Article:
Arguments from Phenomenology

  • Eva Schmidt
Part of the Studies in Brain and Mind book series (SIBM, volume 8)


I examine two arguments for nonconceptualism from the phenomenal character of perceptual experience. The idea is that only the assumption that experience content is nonconceptual does justice to the phenomenology of experience. In particular, if experience content is conceptual, we cannot account for its finely grained representational content. The problem is that visual color experience makes differences between shades of a color that are much more fine-grained than our conceptual repertoire allows. Further, conceptualism is incompatible with the situation-dependence of perceptual content Kelly (Philos Phenomenol Res 62:601–608, 2001b). For instance, it is hard if not impossible to make room, in purely conceptual terms, for the difference between perceiving a certain shade of purple instantiated by a steel ball as compared to seeing it instantiated by a wool carpet. As to the argument from fineness of grain, I concede that the conceptualist’s demonstrative strategy against the argument is initially successful. However, it fails in the end because of problems with the phenomenal character of hallucination, which cannot be accounted for by appeal to only demonstrative concepts. As to the argument from situation-dependence, I point out that the conceptualist cannot convincingly account for the perceived presence, at the same time and in the same place, of situation-dependent and independent properties in experience.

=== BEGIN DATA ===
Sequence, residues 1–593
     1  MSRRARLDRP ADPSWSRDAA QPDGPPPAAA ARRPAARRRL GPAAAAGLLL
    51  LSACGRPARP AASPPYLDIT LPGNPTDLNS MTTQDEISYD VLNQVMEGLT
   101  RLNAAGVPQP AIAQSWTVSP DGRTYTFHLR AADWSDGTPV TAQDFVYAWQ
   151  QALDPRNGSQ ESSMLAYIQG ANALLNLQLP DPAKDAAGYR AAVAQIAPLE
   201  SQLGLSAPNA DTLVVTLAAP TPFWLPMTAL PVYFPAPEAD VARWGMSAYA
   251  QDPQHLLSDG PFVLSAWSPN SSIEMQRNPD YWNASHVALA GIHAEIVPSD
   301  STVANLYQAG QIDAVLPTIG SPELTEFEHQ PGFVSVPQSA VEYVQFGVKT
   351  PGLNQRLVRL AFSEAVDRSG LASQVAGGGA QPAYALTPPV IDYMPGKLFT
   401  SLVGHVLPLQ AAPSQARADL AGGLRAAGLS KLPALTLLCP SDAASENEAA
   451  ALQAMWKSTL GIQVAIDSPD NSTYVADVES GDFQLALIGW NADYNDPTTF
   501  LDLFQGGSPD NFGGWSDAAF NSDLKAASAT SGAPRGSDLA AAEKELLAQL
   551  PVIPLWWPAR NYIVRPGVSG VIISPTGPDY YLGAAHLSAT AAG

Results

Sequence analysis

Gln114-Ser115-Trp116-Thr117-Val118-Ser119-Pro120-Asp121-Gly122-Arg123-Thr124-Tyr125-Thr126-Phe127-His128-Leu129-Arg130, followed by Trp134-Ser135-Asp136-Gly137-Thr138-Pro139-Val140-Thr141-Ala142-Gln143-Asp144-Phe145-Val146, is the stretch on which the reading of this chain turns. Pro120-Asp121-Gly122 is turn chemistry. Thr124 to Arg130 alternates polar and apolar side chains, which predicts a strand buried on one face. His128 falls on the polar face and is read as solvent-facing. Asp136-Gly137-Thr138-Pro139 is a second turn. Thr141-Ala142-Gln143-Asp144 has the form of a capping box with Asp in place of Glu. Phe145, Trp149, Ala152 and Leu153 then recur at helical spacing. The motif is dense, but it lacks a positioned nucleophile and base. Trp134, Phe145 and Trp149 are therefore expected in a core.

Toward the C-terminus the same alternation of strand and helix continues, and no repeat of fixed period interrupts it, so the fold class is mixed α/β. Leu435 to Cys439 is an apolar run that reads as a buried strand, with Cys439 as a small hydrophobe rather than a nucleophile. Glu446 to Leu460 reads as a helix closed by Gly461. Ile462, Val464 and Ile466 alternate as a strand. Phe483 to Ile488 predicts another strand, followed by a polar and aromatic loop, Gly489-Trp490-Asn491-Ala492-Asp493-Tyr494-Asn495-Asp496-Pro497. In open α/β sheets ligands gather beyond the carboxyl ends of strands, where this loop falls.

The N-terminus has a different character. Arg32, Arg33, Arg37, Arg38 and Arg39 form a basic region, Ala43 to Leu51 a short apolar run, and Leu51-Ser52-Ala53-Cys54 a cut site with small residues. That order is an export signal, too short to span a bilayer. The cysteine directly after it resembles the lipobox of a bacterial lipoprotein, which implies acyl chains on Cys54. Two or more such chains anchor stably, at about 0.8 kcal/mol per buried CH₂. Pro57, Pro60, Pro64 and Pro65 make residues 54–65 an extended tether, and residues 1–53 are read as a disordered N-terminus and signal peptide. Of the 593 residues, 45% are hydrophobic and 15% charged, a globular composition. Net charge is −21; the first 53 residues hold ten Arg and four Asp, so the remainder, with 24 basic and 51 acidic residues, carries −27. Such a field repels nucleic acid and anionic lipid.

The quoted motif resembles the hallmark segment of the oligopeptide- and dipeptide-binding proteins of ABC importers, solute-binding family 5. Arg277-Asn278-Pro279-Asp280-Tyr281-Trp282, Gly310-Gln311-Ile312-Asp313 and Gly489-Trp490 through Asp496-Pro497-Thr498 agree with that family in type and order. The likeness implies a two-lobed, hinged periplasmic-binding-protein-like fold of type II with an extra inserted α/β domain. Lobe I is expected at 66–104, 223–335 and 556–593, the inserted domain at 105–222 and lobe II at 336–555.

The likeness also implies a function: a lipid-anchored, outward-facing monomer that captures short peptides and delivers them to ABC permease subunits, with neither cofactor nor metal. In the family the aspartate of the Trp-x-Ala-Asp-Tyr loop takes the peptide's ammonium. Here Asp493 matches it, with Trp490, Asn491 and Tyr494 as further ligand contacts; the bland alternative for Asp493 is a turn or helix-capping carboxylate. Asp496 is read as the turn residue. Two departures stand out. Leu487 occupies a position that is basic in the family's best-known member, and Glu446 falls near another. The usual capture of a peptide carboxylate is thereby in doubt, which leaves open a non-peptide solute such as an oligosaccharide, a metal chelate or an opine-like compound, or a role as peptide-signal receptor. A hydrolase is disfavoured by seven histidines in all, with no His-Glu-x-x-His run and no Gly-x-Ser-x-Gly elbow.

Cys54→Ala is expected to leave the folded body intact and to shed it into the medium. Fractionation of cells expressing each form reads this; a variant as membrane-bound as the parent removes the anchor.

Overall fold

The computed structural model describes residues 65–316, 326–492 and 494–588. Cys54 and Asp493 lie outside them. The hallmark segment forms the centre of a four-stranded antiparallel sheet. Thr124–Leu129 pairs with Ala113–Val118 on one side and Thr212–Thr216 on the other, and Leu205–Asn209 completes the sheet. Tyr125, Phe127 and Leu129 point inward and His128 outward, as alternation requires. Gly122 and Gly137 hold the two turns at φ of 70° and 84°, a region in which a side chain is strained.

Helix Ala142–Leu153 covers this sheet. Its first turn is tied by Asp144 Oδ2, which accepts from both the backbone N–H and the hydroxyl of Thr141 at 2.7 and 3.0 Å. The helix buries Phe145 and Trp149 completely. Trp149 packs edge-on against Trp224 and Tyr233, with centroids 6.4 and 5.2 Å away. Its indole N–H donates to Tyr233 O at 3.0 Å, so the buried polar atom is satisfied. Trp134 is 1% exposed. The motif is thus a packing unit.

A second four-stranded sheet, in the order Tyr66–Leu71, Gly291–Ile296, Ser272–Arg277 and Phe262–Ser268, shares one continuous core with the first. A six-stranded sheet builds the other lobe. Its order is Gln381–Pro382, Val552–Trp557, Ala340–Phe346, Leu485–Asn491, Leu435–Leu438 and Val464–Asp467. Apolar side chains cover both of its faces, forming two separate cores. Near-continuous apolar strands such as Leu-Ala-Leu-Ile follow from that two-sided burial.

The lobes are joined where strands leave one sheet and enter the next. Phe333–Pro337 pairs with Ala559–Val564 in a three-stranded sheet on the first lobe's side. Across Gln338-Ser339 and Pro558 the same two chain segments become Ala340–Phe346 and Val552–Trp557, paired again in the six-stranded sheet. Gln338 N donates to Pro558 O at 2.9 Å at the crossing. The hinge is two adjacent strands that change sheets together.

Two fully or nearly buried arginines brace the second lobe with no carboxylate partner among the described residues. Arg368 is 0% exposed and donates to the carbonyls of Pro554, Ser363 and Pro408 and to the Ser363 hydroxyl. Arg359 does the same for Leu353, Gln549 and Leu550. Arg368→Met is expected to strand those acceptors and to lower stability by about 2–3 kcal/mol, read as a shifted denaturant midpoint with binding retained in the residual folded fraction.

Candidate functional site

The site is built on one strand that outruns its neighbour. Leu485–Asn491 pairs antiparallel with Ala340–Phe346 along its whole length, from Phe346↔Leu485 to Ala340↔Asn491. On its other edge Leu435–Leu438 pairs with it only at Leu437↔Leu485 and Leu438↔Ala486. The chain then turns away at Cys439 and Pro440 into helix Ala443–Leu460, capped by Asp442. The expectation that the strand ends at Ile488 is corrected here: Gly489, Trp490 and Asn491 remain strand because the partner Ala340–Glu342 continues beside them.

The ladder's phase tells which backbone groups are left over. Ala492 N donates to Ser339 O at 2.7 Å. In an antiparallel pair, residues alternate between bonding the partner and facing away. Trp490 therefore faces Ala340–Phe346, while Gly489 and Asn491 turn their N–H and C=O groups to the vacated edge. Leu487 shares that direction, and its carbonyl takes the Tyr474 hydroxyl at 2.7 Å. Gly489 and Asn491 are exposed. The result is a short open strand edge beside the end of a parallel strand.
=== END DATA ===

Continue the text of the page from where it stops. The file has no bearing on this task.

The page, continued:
Perceptual Experience Steel Ball Visual Experience Phenomenal Character Perceptual Content 
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Copyright information

© Springer International Publishing Switzerland 2015

Authors and Affiliations

  • Eva Schmidt
    • 1
  1. 1.Philosophy DepartmentSaarland UniversitySaarbrückenGermany

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